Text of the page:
From the June 01, 2009 issue of Futures Magazine • Subscribe!

Namath: Just getting started

You can count on one hand the number of commodity trading advisor programs still trading that were established when District Capital Management (DCM) began its diversified program in 1978. The names are a who’s who of CTAs, but somehow Cathryn Hanger Namath is not a household name like the others.

The systematic long-term trend following program, like some of the more notable CTAs, has had its shares of ups and downs and is currently enjoying one of its better runs. DCM returned 63.48% in 2008, despite a 46% drawdown in July and August as most commodity markets reversed. The program has produced a compound annual return of 22.75% since its launch and a compound annual return of 26.99% since 2002, though it is down 4.5% for 2009 through April.

Cathryn has been there all along, starting out as secretary-treasurer in 1978, then becoming vice president in 1981, president in 1987 and president and CEO in 1994 after her father retired.

Her dad Kenneth Hanger was an investment advisor trading stocks and bonds in the 1950s and 1960s. In the late 1960s and early 1970s, he became interested in trading futures. In 1973, E.F. Hutton approached him about starting up a CTA. Hanger listened and launched one of the early CTAs. “At the time it was a very small group,” Namath says. “There were probably about eight of us.”

Namath says that it was an interesting time in the markets, as financial futures were just getting launched and DCM was an early player in trading currency and fixed income futures.

While DCM has maintained its core long-term trend following approach over the years (except for a brief period in 2000-01 when it traded short-term), Namath constantly has looked to make improvements. “We continually try and assess what we can do better,” Namath says.

One such change came after a bad year. “In 1993 we had a pretty bad drawdown,” Namath says, attributing it to using too much leverage and trading too many correlated markets. DCM added markets and scaled back leverage following 1993. Their margin-to-equity ratio at the time was above 30%, today it is 20% or lower.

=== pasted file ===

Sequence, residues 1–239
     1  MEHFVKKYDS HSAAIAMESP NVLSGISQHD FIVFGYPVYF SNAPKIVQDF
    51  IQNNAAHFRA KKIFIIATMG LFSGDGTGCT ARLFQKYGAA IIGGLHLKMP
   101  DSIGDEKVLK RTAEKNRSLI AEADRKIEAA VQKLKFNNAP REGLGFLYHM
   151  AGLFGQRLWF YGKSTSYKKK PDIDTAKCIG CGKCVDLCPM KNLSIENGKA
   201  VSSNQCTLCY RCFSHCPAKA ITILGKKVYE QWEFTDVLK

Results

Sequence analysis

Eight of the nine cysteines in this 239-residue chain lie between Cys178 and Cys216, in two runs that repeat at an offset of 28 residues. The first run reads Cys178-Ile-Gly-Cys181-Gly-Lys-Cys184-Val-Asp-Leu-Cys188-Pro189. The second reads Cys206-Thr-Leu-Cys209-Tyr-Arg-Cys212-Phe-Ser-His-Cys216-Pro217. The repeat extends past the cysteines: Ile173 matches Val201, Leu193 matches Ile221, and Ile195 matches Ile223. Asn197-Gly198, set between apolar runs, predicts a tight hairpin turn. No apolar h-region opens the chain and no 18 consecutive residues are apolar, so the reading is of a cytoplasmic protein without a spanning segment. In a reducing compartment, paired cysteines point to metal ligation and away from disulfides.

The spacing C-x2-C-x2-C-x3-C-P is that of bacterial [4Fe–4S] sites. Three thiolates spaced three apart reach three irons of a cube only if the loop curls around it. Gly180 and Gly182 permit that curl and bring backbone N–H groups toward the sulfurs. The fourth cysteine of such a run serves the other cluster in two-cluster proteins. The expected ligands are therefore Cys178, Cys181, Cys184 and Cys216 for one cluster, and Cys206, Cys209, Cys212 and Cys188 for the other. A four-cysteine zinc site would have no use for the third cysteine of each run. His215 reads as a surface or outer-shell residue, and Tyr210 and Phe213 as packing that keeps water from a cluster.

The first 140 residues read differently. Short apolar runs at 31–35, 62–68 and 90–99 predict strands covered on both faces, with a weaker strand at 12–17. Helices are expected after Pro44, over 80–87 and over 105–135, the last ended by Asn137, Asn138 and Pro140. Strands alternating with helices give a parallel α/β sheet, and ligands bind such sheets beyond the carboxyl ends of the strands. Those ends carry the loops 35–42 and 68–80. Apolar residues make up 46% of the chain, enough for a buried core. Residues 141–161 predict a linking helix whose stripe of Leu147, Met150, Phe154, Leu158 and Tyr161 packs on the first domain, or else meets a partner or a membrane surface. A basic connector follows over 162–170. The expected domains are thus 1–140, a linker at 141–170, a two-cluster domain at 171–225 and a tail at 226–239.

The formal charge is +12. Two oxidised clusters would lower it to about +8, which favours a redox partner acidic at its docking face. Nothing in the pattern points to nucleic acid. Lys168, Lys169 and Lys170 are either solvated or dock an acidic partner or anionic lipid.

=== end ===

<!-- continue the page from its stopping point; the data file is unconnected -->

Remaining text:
While DCM trades 25 markets in its mostly systematic technical diversified program, it trades each market uniquely. Many of those differences are based on the dynamics of the cash and futures markets. “You have different commercial businesses using the cash market, so supply demand and the important characteristics of the cash market are different for each of the markets,” Namath says. “You are not going to have the same time parameters for the cattle farmer vs. a gold dealer. That is why we treat each market differently. There are a lot of different technical measures we will use [and] a lot of different things we will blend in.”

Not only does DCM trade each market differently, but it has up to 10 models for each market, depending on the trading environment. “We break it down to a bull market and a bear market, then we break down what kind of strategy we are going to apply,” Namath says. There are more detailed technical definitions they use to decide which model to apply to a market. “Is it at the beginning of a bear market or the middle? We classify it as a fast market or not a fast market,” Namath adds.

While the core strategy is trend following, some of their systems look for breakouts, and in rare cases, reversals. The slow model will try and catch markets prior to breakouts. “It many instances we are already in the market before it breaks out,” Namath says.

She adds that certain markets like crude oil and Treasury bonds have a tendency to reverse. “Not all markets have these V tops or V bottoms but sometimes they do. When it comes up it is a great trade,” she says.

The program uses a small amount of discretion to adjust stop levels for slippage and to alter allocation levels of markets if the program already has positions in correlated markets.

If there is anything harder than an emerging manager getting assets under management, it may be for an established manager that has fallen off of allocators’ radar screen to get attention. Namath is fighting that tendency and working to market the program, particularly overseas. DCM’s peak in money under management was $43 million all the way back in 1981 despite having one of its better performance periods over the last seven years. Today the program has $5.4 million under management.

Namath has triplets who will be heading off to college in the fall. She is not going to push them to carry on the business but would like to see one or all of them take over when she retires. Given its long-term track record, DCM should still be thriving if and when they are ready.

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